“I would be traveling even more to Asia," Villaraigosa said of what he wished he'd done differently as mayor, "to China, Japan, Korea, Singapore, Malaysia, India, Mexico, Latin America, Brazil than I have previously.”
The forum, Going Global: Boosting The Economic Future of Greater Los Angeles, served as the kickoff event of the joint Global Cities Initiative between the Brookings Institution's Metropolitan Policy Program and JPMorgan Chase & Co. The five-year project aims to equip city leaders in the U.S. to strengthen the regional economies by meeting demand abroad and attracting global capital and talent at home.
As the economy continues its slow recovery, Villaraigosa said the focus should shift from short-term damage control toward a goal of long-term prosperity. He said a crucial element of that prosperity would be found in exports. The mayor pointed out U.S. exports two years ago totalled about $1.28 trillion in goods—90 percent of which originated in L.A. But less than 1 percent of the 30 million active American companies export.
“Even those companies who do export are not fully realizing the potential of the global market,” Villaraigosa said. “The majority of these companies, a full 58 percent, only export to one country.”
He also expressed frustration among some city mayors about the bureaucracy in national leadership. “The federal government needs to get out of the way if they can’t do their job and allows cities like us to help to bring back the U.S. economy,” Villaraigosa said.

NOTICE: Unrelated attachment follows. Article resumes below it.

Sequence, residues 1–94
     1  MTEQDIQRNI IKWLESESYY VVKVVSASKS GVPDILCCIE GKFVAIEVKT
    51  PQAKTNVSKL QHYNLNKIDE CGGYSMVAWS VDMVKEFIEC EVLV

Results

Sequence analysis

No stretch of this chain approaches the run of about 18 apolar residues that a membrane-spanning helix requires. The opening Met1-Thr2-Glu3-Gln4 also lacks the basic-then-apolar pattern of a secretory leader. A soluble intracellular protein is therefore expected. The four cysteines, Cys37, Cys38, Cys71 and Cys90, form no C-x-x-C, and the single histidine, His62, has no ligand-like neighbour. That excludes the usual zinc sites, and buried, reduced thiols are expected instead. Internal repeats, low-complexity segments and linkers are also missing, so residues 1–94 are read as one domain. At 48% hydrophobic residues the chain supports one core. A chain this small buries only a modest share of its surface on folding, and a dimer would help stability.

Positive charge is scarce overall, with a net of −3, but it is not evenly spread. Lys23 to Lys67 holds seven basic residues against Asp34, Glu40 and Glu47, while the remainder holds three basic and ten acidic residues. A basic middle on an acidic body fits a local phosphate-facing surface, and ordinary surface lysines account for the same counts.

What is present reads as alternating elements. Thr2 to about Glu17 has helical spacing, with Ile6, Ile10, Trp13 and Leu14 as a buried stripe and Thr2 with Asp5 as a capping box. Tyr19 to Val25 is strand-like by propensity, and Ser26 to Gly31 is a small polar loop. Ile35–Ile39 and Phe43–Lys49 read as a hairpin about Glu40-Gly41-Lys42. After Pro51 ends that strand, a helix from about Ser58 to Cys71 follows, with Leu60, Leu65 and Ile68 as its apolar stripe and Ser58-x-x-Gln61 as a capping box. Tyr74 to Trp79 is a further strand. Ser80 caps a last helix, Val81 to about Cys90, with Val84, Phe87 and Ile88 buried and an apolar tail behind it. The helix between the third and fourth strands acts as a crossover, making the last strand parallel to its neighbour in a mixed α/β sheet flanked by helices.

To boost L.A.'s recovery, he proposed repairing bridges, roads and highways, expanding public transportation systems, and to accelerating the local mass transit through federal bonds and loans.
Villaraigosa said L.A. could take better advantage of its status as the 17th largest economy in the world. The city, he said, is the gateway to rising economies like Asia and Latin America, a point he made clear to Chinese Vice President Xi Jinping during his visit last month.
During the forum, concern about Chinese intellectual property violations arose. A significant portion of L.A.'s export come through the entertainment industry. Zhang Shaogang, minister counselor of the Chinese embassy, said protecting intellectual property has become a top priority of the Chinese government, and that citizens can file complaints with the Chinese government or in court.
Villaraigosa seemed encouraged that relations with China would only improve in the future. “My focus with Chinese officials is developing a relationship based on mutual respect and mutual benefits," he said. "The fact is, we can solve a lot of these challenges working together."